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The Postman

From Academic Kids

The Postman is also the English title of the 1994 Italian film, Il Postino.

The Postman (1985) is a post-apocalyptic novel by David Brin. A drifter stumbles across the uniform of an old United States Postal Service letter carrier and gives hope to a community threatened by local warlords with empty promises of aid from the "Restored United States of America". The first two parts were published separately as "The Postman" (1982) and "Cyclops" (1984). Both won Hugo Awards for Best Novella.

A film adaptation, shot in northeastern Washington and central Oregon, was released in 1997, directed by Kevin Costner and starring Costner, Will Patton, Larenz Tate, Olivia Williams, James Russo, Daniel Von Bargen, Tom Petty, Scott Bairstow, and Roberta Maxwell. The film has been listed among the worst films ever; a 2001 episode of The Simpsons portrayed the DVD edition of the film as having a "director's commentary" track which was simply Costner apologizing.

Compared to the film, the book is generally seen to have more substance. Despite the post-apocalyptic scenario, and several actions sequences, the book is largely about civilization and symbols. Each of the three sections deals with a different symbol. The first is the Postman himself, who takes the uniform solely for warmth after he loses everything but his sleeping clothes. He wanders without establishing himself anywhere, and exchanges poorly-played scenes of William Shakespeare for supplies. His reputation as a real postman builds not because of a deliberate fraud (at least initially) but because people are desperate to believe. Later, in the second section, he encounters a community (Corvallis, Oregon) led by Cyclops, apparently a sentient artificial intelligence created at Oregon State University which miraculously survived the cataclysm. However the machine was actually destroyed, and the appearance of it is being maintained by a group of scientists trying to keep hope, order and knowledge alive.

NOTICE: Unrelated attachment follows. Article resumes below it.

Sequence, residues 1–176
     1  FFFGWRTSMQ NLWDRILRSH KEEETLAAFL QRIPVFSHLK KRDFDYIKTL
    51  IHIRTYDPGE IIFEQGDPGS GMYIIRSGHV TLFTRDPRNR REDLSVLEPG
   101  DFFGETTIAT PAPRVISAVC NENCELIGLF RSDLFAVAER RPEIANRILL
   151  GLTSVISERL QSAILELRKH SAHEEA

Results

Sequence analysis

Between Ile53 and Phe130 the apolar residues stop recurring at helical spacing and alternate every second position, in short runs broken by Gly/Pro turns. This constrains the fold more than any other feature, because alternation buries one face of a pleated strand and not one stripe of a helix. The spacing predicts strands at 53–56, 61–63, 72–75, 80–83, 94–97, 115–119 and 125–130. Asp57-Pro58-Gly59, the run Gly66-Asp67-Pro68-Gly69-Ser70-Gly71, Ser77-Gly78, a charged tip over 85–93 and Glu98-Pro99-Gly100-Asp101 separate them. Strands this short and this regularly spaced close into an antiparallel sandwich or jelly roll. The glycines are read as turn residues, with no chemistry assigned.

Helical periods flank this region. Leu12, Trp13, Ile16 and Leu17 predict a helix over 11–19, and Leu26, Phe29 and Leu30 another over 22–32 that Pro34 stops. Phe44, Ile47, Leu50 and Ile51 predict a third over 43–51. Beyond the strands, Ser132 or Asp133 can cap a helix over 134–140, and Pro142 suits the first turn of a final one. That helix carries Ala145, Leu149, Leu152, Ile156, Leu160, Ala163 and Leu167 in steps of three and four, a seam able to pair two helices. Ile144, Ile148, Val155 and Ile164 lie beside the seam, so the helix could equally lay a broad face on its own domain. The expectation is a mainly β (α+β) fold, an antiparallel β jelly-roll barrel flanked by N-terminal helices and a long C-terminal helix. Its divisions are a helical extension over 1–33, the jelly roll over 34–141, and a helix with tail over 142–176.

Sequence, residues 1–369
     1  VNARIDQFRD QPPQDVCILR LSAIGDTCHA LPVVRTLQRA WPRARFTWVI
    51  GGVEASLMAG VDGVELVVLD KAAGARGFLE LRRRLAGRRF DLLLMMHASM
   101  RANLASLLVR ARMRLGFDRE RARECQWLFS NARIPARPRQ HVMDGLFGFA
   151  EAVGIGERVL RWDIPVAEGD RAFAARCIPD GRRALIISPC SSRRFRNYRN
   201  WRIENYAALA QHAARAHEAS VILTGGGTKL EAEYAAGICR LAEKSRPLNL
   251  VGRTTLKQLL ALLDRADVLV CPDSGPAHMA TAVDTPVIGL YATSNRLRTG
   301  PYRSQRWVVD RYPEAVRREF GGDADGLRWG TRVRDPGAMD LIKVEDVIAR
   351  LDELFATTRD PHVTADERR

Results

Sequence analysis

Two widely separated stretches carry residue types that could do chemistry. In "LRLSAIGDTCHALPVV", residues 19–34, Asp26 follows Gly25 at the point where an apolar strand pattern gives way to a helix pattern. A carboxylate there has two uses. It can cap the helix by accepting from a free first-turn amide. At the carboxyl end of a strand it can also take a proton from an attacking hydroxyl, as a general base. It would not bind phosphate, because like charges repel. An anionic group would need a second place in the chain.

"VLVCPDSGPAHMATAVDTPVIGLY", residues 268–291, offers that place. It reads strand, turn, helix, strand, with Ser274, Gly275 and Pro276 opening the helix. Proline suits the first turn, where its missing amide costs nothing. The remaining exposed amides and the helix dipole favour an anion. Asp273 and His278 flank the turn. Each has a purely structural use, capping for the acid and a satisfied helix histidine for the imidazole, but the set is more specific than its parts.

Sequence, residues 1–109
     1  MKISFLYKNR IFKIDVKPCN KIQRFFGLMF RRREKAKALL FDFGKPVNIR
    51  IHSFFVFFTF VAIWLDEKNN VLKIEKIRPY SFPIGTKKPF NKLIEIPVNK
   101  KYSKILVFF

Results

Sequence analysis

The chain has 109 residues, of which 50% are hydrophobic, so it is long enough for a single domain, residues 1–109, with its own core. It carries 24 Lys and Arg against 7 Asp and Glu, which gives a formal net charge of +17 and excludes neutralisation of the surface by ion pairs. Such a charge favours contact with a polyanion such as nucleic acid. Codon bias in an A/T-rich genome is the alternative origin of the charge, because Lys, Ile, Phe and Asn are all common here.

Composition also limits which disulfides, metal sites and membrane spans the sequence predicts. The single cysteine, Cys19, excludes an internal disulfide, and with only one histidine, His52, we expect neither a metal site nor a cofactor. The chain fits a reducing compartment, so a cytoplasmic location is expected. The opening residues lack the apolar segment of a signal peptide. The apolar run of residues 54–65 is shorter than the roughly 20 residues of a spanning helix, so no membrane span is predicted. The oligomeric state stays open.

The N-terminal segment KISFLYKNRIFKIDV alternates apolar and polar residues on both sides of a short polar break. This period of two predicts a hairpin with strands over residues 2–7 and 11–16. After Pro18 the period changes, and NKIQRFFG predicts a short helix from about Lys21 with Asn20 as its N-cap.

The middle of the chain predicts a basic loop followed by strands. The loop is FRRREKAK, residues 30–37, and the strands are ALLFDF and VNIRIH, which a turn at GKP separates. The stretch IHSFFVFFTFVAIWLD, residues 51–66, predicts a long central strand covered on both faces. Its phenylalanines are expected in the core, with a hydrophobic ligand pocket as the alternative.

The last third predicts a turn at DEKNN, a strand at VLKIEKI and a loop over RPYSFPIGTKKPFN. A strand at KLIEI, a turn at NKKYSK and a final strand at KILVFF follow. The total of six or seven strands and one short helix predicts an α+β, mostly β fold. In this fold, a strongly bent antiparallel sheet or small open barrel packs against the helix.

Eventually, in the third section, as the Postman joins forces with the forces of Cyclops in a war against an influx of 'hypersurvivalists' (the concept of survivalists taken to a slave-owning, mysognistic extreme), he begins to find that the survivalists are being pressed from the Rogue River area to the south as well. As the story ends, and he comes close to the survivalist's southern enemy, he begins to find traces of them, primarily in the symbol that they rally behind: the Bear Flag of California. The final scenes give the impression that the three symbols may rally together in an effort to revive civilization.

The hypersurvivalists are more commonly referred to as Holnists, after the founder of their ideal, Nathan Holn. Many times through the book curses are uttered which damn Holn for his actions.

Another message of the plot deals with the backstory of the post-apocalyptic world: specifically, that it was not the electronics-destroying electromagnetic pulses, nor the destruction of major cities, nor the release of various bio-engineered plagues that actually destroyed society: rather, it was the survivalists themselves, those who maintained stockpiles of weapons and ammunition and who preyed on humanitarian workers and other forces of order. The message of this is obviously that what could really destroy civilization is its own members.

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